FILE - In this Sunday, Sept 9, 2018 file photo, health workers walk with a boy suspected of having the Ebola virus at an Ebola treatment centre in Beni, Eastern Congo. The World Health Organization says the risk of the deadly Ebola virus spreading from Congo is now "very high" after two confirmed cases were discovered near the Uganda border. The outbreak in northeastern Congo is larger than the previous one in the northwest and more complicated for health officials with insecurity from rebel groups. As of Friday, Sept. 28 there were 124 confirmed Ebola cases including 71 deaths. (AP Photo/Al-hadji Kudra Maliro, file)

Risk of Ebola's spread from Congo now 'very high,' WHO says

September 29, 2018 - 5:43 am

JOHANNESBURG (AP) — The risk of the deadly Ebola virus spreading from Congo is now "very high" after two confirmed cases were discovered near the Uganda border, the World Health Organization says.

The outbreak of the hemorrhagic fever in northeastern Congo is now larger than the previous one in the northwest and more complicated to contain because of a dense, highly mobile population and the threat from rebel groups active in the region.

A deadly attack in Beni, the heart of Ebola containment efforts, forced work to be suspended for two days earlier in the week.

That led the WHO's emergencies chief, Peter Salama, to warn that insecurity, public defiance about vaccinations and politicians fanning fears ahead of elections in December could create a "perfect storm" leading the outbreak to spread.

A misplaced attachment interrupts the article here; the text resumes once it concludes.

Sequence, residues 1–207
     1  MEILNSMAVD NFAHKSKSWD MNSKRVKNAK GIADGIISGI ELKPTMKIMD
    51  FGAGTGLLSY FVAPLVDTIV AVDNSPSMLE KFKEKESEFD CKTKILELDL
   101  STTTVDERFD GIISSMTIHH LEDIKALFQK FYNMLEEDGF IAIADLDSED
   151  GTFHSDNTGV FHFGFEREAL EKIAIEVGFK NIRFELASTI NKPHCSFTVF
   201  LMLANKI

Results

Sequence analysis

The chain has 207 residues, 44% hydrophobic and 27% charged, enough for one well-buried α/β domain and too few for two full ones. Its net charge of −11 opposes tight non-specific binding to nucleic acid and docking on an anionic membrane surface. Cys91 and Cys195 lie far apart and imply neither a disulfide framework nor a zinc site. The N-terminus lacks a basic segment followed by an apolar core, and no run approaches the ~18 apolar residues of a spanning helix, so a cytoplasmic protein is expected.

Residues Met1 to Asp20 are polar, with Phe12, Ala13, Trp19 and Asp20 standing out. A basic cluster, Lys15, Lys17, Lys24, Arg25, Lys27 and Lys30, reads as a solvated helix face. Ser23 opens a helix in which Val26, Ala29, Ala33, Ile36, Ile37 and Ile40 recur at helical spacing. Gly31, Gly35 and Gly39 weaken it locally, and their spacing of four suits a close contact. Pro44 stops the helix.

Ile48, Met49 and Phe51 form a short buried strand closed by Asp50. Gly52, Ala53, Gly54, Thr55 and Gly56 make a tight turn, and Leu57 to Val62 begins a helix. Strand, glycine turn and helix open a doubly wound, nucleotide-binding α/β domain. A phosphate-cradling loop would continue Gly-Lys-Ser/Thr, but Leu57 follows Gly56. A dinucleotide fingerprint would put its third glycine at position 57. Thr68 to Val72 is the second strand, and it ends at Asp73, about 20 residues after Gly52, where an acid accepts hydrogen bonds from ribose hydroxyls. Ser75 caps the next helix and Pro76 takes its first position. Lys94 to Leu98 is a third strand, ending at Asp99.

As of Friday there were 124 confirmed Ebola cases including 71 deaths. The previous outbreak in Congo's Equateur province, declared over just a week before the current one was announced, had 54 confirmed cases including 33 deaths.

This is the first time an Ebola outbreak has occurred in this part of Congo, affecting the provinces of North Kivu and Ituri where more than a million people are said to be displaced by unrest.

Health workers have had to combat various rumors and fears about the disease, which spreads via the body fluids of those infected, including the dead.

"Some patients have also left health facilities to seek alternative care," WHO said in a statement on Thursday. One infected person moved into a "red zone" where security is poor and carrying out Ebola response efforts is "extremely difficult, if not impossible."

The virus moved near the Uganda border when a woman who had participated in the burials of Ebola victims refused a vaccination in Beni and then disappeared, local officials have said. She died on Sept. 20 at a hospital in Tshomia, on Lake Albert.

The second confirmed Ebola case in Tshomia was the woman's partner, WHO said.

"While substantial progress has been made, the situation is precarious," the U.N. health agency said of overall containment efforts. It continues to recommend against any travel restrictions.

Uganda has said it is preparing to begin vaccinations as needed. Congo's health ministry says more than 12,000 people have been vaccinated so far.

___

Follow Africa news at https://twitter.com/AP_Africa

AP Editorial Categories: 
Comments ()